New Study Says Eating More Fiber & Yogurt May Decrease Your Risk Of Lung Cancer
Ray Bass is the associate movement and wellness editor at mindbodygreen and a NASM-Certified Personal Trainer. She holds a degree in creative writing from the University of Pennsylvania, with honors in nonfiction.
When it comes to disease, a little prevention can go a long way. And if part of that prevention includes eating delicious food, we're more than happy to oblige. The latest disease-fighting foods du jour are an unexpected but powerful pair—yogurt and fiber.
New research from Vanderbilt University Medical Center found that a diet high in fiber and/or yogurt was associated with a decreased risk of developing lung cancer. These findings stemmed from the analysis of several studies, which in total included 1.44 million individuals across the United States, Europe, and Asia. While high intakes of fiber and yogurt were individually associated with reduced lung cancer risk—when considered jointly, researchers saw that those with the highest fiber or yogurt intake had a 33% reduced lung cancer risk when compared to those who consumed no yogurt and little fiber.
"Our study provides strong evidence supporting the U.S. 2015-2020 Dietary Guideline recommending a high fiber and yogurt diet," said Xiao-Ou Shu, M.D., Ph.D., MPH, senior author of the study and co-leader of the Cancer Epidemiology Research Program at Vanderbilt-Ingram Cancer Center.
"This inverse association was robust," she noted, "consistently seen across current, past, and never smokers, as well as men, women, and individuals with different backgrounds."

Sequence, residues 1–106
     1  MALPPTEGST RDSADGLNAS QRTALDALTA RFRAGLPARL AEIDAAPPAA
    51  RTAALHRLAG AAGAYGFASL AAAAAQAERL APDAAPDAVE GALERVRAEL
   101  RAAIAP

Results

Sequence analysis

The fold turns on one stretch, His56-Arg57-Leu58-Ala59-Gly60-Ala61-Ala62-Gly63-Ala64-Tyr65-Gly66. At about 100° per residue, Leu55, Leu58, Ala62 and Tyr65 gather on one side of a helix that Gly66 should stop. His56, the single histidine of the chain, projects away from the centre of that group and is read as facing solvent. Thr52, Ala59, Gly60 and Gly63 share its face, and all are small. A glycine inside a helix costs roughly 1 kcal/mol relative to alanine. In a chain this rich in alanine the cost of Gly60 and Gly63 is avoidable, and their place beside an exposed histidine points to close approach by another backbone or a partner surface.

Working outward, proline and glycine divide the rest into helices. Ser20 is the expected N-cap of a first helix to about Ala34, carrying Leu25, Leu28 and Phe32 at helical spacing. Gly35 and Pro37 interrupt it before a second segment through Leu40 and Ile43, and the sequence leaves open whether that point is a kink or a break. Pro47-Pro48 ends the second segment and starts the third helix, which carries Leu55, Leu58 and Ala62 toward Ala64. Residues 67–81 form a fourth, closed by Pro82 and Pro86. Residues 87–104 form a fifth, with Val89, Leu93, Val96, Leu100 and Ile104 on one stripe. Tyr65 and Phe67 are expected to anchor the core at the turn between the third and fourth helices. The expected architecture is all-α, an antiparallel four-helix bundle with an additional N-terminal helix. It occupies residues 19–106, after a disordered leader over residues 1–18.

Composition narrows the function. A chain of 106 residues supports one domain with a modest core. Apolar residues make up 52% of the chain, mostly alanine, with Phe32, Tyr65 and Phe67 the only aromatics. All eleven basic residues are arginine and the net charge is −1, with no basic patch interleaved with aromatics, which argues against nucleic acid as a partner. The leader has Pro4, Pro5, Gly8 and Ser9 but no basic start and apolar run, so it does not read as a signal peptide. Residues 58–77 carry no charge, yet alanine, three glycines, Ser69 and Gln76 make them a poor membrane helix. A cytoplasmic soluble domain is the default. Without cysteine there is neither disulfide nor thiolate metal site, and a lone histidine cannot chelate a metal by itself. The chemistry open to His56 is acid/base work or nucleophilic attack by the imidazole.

Researchers suspect that the prebiotic and probiotic properties of fiber and yogurt are at play, but beyond that, it isn't entirely clear why fiber and yogurt have this impact. Other studies have shown their benefits for cardiovascular disease and gastrointestinal cancer—and that's in addition to the long list of benefits both fiber and yogurt tout.
Probiotics, as you may know, are a crucial component of gut health and overall well-being. They can improve your immunity and digestion, and many people have even experienced acne-clearing and brain-boosting effects. And fiber, while best known for its ability to keep us regular, has been proven to lower our risk of heart disease, stroke, hypertension, diabetes, and obesity. Probiotics actually feed on the fiber we consume, so it makes sense that they pair well together and that a high-fiber, probiotic-rich diet supports healthy well-being.
If you're lactose-intolerant or sensitive to dairy, there are plenty of other ways to get your daily dose of probiotics. Fermented foods like kimchi, sauerkraut, and miso are packed with live active cultures, as is kombucha and sourdough bread. If you still want an added boost, you could also take a probiotic supplement—just make sure you're choosing the right one.
And for those of you looking to add more fiber to your diet (which, given that over 90% of Americans don't consume the recommended amount of daily fiber, is most of you), you have a number of options. Most vegetables contain some level of fiber, but you can also turn to chia seeds, oats, berries, nuts, grains, and legumes. Fiber also comes in supplement form, which can make it easy to go overboard. Word to the wise: Too much fiber can cause bloating, gas, and abdominal pain. Slow is the way to go.
To sum up: Even if you feel that you aren't susceptible to lung cancer—you have no risk factors and do nothing to provoke it—eating a diet high in fiber and probiotics (specifically yogurt) seems to have a plethora of health benefits for all humans. So instead of asking why you should eat them, maybe you should ask, "Why not?"
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